It is not surprising that Vietnam produces wine. When we say that Vietnam is warming with reds these days, we aren’t making a political statement, of course. We’re talking about wine. With the easing of government restrictions, both commercial and cultural, the past ten years have seen a welcome increase in wine importing and awareness. You can now find a good quality Bordeaux in most upscale and many mid-range restaurants or chic wine bars and shops in Hanoi and Ho Chi Minh City. Nevertheless, while international wines are making headway, the most interesting vintner we find on the market are local contenders.
What you expect
Good restaurants in Vietnam are now likely to have imported wine on offer and when you travel in Vietnam, you may want to sample a good bottle of Bordeaux with your dinner. Certainly, such wine will also be available in bars and shops in cities like Hanoi and Ho Chi Minh City. However, tourists should look at the local wines as well!
Everyone associates wine with the grape but in Vietnam, rice has been used to produce alcoholic drinks for centuries. Simple rice alcohol has always been important in Vietnamese life. It is one of the offerings typically made during ancestor worship that is part of every major festival. It is offered at weddings and anniversaries as well as when a new house is being planned and land considered. Vietnamese New Year, Tet, would not be the same without rice wine. The Vietnamese drink alcohol on joyous but also sad occasions usually in buffalo-eyed cups; what many tourists would call mugs.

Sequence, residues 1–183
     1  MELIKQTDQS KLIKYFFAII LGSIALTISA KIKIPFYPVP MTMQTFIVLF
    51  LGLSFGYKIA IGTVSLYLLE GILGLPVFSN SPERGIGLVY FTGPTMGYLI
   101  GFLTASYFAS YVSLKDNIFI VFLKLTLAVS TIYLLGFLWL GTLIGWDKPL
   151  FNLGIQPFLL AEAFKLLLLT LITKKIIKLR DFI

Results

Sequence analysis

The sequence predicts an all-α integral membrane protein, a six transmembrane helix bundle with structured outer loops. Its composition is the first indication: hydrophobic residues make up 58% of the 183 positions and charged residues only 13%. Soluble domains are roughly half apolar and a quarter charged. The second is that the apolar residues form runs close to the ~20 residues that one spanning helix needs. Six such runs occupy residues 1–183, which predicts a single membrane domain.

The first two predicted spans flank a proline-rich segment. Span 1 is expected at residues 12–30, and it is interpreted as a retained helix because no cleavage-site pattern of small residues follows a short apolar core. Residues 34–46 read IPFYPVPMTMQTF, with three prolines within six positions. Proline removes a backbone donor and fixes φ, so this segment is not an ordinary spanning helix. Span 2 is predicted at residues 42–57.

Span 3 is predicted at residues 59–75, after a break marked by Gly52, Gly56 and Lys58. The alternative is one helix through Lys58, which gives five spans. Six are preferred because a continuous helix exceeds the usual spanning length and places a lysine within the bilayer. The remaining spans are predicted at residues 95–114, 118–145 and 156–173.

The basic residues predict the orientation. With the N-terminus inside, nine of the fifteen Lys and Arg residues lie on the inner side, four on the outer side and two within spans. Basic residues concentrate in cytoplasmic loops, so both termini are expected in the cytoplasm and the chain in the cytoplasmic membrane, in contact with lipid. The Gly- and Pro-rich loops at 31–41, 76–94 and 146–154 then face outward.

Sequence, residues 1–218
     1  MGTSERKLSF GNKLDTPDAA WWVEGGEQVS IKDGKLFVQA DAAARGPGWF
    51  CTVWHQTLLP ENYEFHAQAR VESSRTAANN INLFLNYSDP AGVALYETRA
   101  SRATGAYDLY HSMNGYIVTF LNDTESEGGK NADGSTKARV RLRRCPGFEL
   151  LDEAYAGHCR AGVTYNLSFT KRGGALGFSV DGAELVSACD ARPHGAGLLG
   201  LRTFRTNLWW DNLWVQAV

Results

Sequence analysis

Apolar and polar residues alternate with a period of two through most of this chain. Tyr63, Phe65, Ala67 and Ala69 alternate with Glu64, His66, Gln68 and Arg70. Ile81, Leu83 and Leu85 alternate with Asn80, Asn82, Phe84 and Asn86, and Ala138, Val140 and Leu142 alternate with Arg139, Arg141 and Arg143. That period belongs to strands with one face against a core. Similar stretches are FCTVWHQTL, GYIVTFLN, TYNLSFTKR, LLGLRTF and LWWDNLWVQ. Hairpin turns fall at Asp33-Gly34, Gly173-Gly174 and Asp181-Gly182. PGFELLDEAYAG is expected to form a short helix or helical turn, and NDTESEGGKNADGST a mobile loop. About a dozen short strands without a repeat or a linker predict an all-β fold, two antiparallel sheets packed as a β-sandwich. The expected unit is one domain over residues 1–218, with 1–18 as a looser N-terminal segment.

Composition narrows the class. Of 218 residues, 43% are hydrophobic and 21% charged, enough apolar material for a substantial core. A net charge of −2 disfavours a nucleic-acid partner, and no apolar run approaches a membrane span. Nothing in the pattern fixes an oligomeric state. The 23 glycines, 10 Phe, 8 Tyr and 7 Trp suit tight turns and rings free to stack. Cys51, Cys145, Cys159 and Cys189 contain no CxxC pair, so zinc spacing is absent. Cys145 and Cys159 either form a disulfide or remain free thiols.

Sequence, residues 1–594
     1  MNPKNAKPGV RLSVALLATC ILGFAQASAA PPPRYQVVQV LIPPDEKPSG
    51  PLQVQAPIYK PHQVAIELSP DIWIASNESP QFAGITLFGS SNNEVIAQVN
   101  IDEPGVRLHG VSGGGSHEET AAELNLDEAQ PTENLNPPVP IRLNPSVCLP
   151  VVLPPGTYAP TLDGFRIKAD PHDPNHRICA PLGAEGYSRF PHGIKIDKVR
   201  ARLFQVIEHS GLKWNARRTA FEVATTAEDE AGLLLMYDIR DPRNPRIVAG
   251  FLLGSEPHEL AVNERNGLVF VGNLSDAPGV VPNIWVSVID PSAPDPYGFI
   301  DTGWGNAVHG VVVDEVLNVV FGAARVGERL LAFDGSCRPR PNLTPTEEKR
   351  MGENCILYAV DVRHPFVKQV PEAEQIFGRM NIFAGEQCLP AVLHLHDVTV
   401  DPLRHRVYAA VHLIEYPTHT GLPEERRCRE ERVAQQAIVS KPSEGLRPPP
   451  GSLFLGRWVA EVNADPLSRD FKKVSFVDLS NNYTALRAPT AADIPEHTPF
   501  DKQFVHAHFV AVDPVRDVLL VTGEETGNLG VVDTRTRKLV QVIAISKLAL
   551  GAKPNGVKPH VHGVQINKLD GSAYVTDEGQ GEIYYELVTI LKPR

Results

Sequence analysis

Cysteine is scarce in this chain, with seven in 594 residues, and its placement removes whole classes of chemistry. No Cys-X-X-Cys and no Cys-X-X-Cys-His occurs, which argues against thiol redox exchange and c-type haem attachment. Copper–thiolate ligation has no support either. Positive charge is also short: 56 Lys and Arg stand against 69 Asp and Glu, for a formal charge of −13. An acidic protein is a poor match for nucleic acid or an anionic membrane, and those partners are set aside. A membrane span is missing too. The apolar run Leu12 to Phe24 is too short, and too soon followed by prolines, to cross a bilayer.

Making rice wine process
The rice is steamed, fermented for two or three days then distilled. When it comes to flavouring, there are several alternatives including herbs and snakes, pickled incidentally, but the latter is used as a medicine, not at the dinner table.
Snake Village near Hanoi is one of the places to go to see and sample this; every Vietnam tour package will include Hanoi so visitors will have the opportunity. Snakes are put into rice wine, the bottles are sealed and left for five years. The wine is purely medicinal and thought to be the remedy for a number of ailments. The ‘’western’’ equivalent would be a tonic wine.
In the Highlands, which is regularly part of a Vietnam travel package, ethnic groups make can wine, drunk through a bamboo straw from a jar. The tribes ferment things like cassava or sweet potato with herbs in a jar over a few days. It is very bitter and certainly strong so be careful.
The jar is placed centrally in the village or communal house and the host and guests sit around it. There are several ‘’straws’’ placed in the jar and everyone in turn will drink. Water is slowly added and the jar never empties. All the while traditional music is played on a gong and usually there is some dancing.
This is actually made from grapes found in Phan Rang. The French has introduced wine making in the later years of their time in Vietnam and recently with the Vietnamese themselves becoming a little wealthier and travelling to overseas countries the demand for wine has justified local production. Currently the main producer makes 1.5 million litres annually, including a red at 16% alcohol and some sparkling white. If you do to Da Lat, eat at Maison Long Hoa and try it.
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